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In my unit tests I want to create a tmp directory inside the ${project.build.directory}. How can I access the value of ${project.build.directory} inside my unit test?

One way, which I could think of, is to provide a filtered properties file in the test resources, which holdes that value. (I haven't tried yet, but I think that should work.)

Is there a direct way to access/ pass this property value?

Regards, Florian

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Probably we could configure to set a system property, but somehow I don't like the idea to pass things via system properties. On the other hand, you could say this is something environment specific (the absolute path at least). What do you think? –  Puce Feb 9 '11 at 18:27

3 Answers 3

I've used something like this with some success before. The unit test will still run even if not using Maven, the target directory will still get created two dirs up relative to the cwd of wherever the tests are run.

public File targetDir(){
  String relPath = getClass().getProtectionDomain().getCodeSource().getLocation().getFile();
  File targetDir = new File(relPath+"../../target");
  if(!targetDir.exists()) {
    targetDir.mkdir();
  }
  return targetDir;
}
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Great that works for me in maven and eclipse. –  David Roussel Jan 31 '13 at 14:01

I think using system properties is quite straightforward if you configure the surefire-plugin as explained here http://maven.apache.org/plugins/maven-surefire-plugin/examples/system-properties.html . Even the example there is answering your question directly:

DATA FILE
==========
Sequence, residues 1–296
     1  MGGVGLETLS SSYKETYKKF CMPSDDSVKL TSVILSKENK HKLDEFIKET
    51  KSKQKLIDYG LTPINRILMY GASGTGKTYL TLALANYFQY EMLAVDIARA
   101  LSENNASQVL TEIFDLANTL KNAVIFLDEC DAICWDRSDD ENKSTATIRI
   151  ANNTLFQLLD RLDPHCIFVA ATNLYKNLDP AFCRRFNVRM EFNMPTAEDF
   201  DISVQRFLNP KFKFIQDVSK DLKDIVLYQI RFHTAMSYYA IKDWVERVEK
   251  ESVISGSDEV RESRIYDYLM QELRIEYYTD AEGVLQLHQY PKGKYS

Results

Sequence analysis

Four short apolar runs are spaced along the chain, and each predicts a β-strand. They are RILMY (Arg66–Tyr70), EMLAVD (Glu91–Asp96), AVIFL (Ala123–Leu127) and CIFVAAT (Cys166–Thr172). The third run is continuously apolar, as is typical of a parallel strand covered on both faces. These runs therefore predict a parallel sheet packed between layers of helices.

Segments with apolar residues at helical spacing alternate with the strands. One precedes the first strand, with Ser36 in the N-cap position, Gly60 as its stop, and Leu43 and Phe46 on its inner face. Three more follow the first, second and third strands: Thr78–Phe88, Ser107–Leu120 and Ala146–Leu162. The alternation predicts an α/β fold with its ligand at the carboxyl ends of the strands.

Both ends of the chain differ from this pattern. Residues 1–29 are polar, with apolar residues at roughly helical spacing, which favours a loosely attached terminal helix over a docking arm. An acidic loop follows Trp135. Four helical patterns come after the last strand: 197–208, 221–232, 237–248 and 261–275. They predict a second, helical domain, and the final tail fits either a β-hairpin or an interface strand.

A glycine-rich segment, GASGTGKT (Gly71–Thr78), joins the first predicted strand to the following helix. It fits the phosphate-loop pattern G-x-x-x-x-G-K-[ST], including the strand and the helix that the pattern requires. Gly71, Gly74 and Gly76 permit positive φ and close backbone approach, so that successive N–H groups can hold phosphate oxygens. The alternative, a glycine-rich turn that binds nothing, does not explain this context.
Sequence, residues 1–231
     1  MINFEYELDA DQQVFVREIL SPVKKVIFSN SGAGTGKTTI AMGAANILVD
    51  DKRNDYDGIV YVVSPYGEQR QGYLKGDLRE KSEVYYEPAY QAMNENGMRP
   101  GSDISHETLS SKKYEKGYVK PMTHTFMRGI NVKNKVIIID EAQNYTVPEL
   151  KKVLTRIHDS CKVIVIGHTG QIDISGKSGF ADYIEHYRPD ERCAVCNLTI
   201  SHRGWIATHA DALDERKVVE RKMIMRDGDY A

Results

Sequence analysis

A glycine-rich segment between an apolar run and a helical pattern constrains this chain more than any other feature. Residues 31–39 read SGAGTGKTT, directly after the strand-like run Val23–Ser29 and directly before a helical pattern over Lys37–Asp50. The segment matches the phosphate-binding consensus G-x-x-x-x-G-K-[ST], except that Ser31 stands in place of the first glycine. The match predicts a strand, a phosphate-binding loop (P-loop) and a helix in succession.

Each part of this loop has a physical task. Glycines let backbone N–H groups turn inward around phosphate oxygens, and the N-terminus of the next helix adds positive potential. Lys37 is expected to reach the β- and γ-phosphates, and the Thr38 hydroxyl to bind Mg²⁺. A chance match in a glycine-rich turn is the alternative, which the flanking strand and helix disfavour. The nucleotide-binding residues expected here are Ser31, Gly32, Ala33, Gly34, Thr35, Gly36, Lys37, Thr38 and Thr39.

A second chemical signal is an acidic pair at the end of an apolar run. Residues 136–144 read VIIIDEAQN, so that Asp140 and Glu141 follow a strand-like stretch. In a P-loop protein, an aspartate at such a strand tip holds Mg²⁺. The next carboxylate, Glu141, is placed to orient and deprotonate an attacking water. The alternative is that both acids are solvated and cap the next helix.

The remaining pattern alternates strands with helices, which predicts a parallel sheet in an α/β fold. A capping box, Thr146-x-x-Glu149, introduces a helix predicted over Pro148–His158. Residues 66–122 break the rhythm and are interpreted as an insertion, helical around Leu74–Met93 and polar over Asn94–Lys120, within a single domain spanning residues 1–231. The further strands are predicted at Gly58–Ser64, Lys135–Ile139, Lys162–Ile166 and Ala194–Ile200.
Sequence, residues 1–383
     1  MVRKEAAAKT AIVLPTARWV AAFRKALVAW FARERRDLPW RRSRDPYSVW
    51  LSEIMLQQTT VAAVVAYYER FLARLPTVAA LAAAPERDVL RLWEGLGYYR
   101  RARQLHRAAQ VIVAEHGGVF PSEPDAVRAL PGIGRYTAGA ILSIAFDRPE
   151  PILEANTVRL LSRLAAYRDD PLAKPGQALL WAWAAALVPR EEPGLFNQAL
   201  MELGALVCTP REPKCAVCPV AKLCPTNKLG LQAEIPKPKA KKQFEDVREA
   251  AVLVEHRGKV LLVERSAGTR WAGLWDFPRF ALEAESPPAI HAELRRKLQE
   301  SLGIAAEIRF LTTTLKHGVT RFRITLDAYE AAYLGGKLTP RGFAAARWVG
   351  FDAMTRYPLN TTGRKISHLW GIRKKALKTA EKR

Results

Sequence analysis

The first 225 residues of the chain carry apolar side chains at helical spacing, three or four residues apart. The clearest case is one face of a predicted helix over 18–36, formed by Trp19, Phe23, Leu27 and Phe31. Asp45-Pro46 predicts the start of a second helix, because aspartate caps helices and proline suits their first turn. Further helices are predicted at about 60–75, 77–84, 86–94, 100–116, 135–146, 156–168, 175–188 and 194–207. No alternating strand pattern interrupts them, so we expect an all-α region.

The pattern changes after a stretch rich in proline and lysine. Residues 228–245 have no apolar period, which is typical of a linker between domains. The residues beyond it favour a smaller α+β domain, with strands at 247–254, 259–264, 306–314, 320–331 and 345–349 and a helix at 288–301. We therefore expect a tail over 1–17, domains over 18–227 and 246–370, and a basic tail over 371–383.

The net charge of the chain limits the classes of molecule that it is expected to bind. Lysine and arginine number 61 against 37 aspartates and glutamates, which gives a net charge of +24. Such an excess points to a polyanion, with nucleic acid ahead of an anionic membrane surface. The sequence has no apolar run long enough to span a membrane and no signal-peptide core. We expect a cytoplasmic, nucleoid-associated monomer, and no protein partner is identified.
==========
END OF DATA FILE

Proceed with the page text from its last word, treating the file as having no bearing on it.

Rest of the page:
<project>
  [...]
  <build>
    <plugins>
      <plugin>
         <groupId>org.apache.maven.plugins</groupId>
         <artifactId>maven-surefire-plugin</artifactId>
         <version>2.9</version>
         <configuration>
           <systemPropertyVariables>
             <propertyName>propertyValue</propertyName>
             <buildDirectory>${project.build.directory}</buildDirectory>
             [...]
           </systemPropertyVariables>
         </configuration>
      </plugin>
    </plugins>
  </build>
  [...]
</project>
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Remember, that your unit tests don't have to be executed from Maven surefire plugin, so ${project.build.directory} property might not be available. To make your tests more portable I would rather recommend using File.createTempFile().

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1  
Well, actually, that's what we currently do and I want to change that. We had an issue that the tmp directory on Hudson got filled up until we ran out of disk space. We're investigating several options, one is to pass a tmp directory inside the target directory as an argument to File.createTempFile(). Like this, "mvn clean" would clean everything. –  Puce Feb 9 '11 at 18:21
    
Besides, as this is a Maven project, I think the tests will only run using maven or an IDE which supports Maven (here: Eclipse). –  Puce Feb 9 '11 at 18:24

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